On April 28, 2013 at 12:44 pm

@ Vivid
Spot on. What irritates me beyond almost all sanity is the fact that these practices could be easily stopped if people voted with their wallets and acted like sane people instead of crack addicts. Video games are not like the American health care system, where basically one’s options are pay the man or die. That’s an ineleastic system where the consumer has basically no purchasing power.

However, for reasons that I simply do not understand, a sizable portion of the gaming community treats video games and peripherals like they were chemotherapy drugs. They must have it, regardless of the cost or how totally s**y the service is or how anti-consumer the business practices are. Absolutely insane.

And guess what? EA knows it. Activision knows it. Ubisoft knows it. Microsoft knows it. That’s why this friggin’ anti-consumer garbage keeps happening, because a lot of our own have less self-control than a heroin addict.

Sometimes I really hate people.


On April 28, 2013 at 5:26 pm

It’s too early to tell if I should care or not, as we currently know nothing about it. That said always online is an automatic deal breaker for me and has been ever since I got burned by Diablo III. The USA’s internet infrastructure is no where near as ubiquitous as rich, insulated idiots like Orth believe, with many areas having piss poor if not zero connections, and many people just can’t afford another monthly bill.

Always online is a terrible policy that harms everyone, including any company stupid enough to implement it.


On April 28, 2013 at 6:17 pm

I come from New Zealand, and my internet works about 70% of the time. I want a console to work when I want it to work, not be subject to the whims of our unreliable internet.

All of my Xbox friends are of the opinion that if an always-online xbox comes to pass, then they’ll make the move to the PC like I did 2 years ago.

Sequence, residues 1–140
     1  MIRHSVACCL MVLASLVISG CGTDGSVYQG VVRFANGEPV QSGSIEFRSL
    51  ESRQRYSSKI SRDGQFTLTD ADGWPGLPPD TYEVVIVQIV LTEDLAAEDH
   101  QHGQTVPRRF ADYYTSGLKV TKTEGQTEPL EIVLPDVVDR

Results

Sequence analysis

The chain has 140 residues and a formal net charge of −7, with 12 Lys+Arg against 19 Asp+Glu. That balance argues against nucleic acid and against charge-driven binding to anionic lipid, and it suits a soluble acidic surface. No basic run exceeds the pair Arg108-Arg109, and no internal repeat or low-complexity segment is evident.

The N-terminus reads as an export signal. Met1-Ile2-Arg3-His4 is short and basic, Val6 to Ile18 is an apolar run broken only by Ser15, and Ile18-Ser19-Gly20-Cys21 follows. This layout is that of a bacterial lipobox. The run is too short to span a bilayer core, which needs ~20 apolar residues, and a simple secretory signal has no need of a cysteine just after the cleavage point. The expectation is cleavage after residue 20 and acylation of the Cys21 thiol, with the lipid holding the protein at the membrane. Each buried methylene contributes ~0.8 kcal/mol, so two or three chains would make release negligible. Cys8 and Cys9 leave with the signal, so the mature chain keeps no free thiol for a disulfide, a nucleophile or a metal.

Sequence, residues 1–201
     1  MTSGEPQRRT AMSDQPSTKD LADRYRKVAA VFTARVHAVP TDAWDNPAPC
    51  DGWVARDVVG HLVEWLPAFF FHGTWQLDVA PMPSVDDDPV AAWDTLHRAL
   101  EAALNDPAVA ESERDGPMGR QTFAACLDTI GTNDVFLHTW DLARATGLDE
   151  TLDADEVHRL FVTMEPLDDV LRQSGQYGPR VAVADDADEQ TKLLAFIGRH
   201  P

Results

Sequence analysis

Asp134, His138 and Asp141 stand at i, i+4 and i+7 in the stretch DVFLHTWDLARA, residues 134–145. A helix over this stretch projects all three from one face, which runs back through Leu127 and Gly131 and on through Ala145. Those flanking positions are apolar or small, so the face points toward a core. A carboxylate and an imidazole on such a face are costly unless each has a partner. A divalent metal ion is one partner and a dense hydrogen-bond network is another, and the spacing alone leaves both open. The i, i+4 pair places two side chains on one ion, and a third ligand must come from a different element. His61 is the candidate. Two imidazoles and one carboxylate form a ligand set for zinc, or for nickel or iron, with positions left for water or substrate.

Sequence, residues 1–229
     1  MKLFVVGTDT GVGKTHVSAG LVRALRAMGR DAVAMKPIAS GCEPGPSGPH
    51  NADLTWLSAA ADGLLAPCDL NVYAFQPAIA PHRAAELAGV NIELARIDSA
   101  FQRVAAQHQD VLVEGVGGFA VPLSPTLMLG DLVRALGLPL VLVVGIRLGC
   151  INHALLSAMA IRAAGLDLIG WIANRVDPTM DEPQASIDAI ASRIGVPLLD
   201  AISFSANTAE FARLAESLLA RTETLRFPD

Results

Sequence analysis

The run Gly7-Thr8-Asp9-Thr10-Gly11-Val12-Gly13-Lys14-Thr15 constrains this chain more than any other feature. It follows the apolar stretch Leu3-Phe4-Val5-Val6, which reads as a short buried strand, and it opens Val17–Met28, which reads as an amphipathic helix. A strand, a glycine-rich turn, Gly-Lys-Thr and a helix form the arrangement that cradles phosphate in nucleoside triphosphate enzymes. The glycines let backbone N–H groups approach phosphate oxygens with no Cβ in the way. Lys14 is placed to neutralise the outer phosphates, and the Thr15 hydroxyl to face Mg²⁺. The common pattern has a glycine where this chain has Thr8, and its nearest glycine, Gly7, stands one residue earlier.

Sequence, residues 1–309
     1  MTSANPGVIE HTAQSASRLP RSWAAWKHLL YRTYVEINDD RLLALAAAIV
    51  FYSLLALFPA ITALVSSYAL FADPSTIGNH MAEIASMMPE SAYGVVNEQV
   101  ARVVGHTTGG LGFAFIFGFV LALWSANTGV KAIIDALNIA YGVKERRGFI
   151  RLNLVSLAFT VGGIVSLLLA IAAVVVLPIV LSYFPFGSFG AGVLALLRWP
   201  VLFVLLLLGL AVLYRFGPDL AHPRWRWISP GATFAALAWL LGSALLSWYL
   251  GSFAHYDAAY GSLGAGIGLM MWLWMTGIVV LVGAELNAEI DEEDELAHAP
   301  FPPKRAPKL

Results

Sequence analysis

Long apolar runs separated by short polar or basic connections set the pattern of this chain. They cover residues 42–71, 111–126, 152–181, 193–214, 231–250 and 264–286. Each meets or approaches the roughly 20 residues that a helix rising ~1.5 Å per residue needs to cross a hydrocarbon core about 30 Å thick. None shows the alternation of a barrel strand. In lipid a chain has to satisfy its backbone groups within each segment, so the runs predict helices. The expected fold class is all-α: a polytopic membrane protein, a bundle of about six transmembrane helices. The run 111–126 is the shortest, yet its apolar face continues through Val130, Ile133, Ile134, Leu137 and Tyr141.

On April 28, 2013 at 9:21 pm

I’ve been an avid Xbox player since Halo: CE released over a decade ago. I also own a PS3 and PS2 before it… But I prefer the games, online system, and the controller on the Xbox/360. I’ve no personal bias on the matter. It’s just personal preference.

However, if the NextBoX is always-on. I will not buy one. Period. End of story.

MMO’s aside, video games as a “service” that you effectively rent (until the publisher closes the servers) and not a purchasable product does not fly with me. I made that mistake with Diablo 3 and Sim City once already. It’ll be a cold day in hell before I do that for an ENTIRE CONSOLE. Especially when it’s unnecessary to it’s core functionality.

If I move or don’t have an active internet connection for whatever reason, I expect to be able to play the games and console I payed for. I’m not into a $60 purchase that’s really just a rental.


On April 28, 2013 at 9:25 pm

@JawEsteban- Always a pleasure to hear a voice of sanity.

And it seems virtually everyone in this comment thread agrees; Always-on is a dealbreaker. We won’t be insulted or blackmailed. On top of the usually stellar writing, people who comment on these articles seem unusually highly endowed with fine mental health and self-control. I’d add self respect, but I think Jawa has hit the nail on the head; most gamers ARE actually JUST LIKE heroin addicts. Game companies can abuse them as much as they (bafflingly) want, and they just keep coming back for another fix. At least games (mostly) don’t seem to destroy our lives like Heroin does (MMO addiction isn’t pretty to watch)…